Music, Movements, and Mental Health

In the spring 2017 semester, I took a class called “Rock and Roll in American Culture.” In this class, I learned about how social movements have influenced rock and how rock has influenced social movements. For example, rock music and rock musicians played a big role in the Civil Rights Movement, as well as the Anti-Vietnam War Movement. To my surprise, this is a parallel to the organization I’m interning with, To Write Love On Her Arms (TWLOHA).

TWLOHA began eleven years ago when the organization’s founder sold t-shirts at a rock show to help pay for a friend’s rehabilitative treatment. The vocalist of the band playing that show noticed the t-shirts, emblazoned with what would become TWLOHA’s logo, and wanted to wear one of them while performing on stage. Overnight, hundreds of people sent in messages to the TWLOHA MySpace page. Soon after, TWLOHA joined Vans Warped Tour, a traveling music festival featuring mostly rock bands. Since then, TWLOHA has sold t-shirts, started conversations, and disseminated mental health resources at dozens of music festivals around the country, even expanding to other genres outside of rock. Many different musicians have worn TWLOHA t-shirts on stage, and a large portion of the people who know about the organization learned about it from these musicians. TWLOHA  is deeply connected to music, especially rock music, as a platform for social movement .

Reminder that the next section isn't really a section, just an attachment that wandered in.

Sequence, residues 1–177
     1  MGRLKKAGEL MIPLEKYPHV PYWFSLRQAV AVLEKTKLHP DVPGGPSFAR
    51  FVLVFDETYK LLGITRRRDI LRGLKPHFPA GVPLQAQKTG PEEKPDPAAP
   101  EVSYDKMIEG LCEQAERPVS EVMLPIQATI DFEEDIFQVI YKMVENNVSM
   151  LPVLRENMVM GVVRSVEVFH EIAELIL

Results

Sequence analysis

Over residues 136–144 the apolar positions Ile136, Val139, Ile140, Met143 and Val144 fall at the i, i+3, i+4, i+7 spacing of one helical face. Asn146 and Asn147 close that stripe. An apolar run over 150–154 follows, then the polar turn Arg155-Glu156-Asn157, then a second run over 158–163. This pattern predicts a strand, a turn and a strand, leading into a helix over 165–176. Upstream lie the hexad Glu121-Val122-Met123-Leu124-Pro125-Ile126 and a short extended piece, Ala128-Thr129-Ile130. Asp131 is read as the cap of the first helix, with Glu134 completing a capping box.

I experienced this connection firsthand, as I had the opportunity to work at the TWLOHA booth at Warped Tour in West Palm Beach, Florida. A band I like, Movements, performed while I was there. Before their set, they invited to the microphone a man who shared his struggles with addiction and urged people struggling with addiction to seek help. Later in the day from behind the booth, I could hear another band’s vocalist talking about how hard it is to have a loss of hope, trying to convince people struggling to stay alive, saying, “It’s okay to not be okay.” Hearing and seeing these musicians use their performances and popularity as a platform to promote social justice reminded me of what I learned in “Rock and Roll in American Culture.”


Recalling the discussions we had in this class, I was reminded of the power and importance of art as a method of promoting social justice. The moments I witnessed at Warped Tour are a few of many examples of art being a catalyst and platform for social change. This connection reminds me of TWLOHA’s roots in rock music and how music has catalyzed this organization’s ability to promote social change in mental health.

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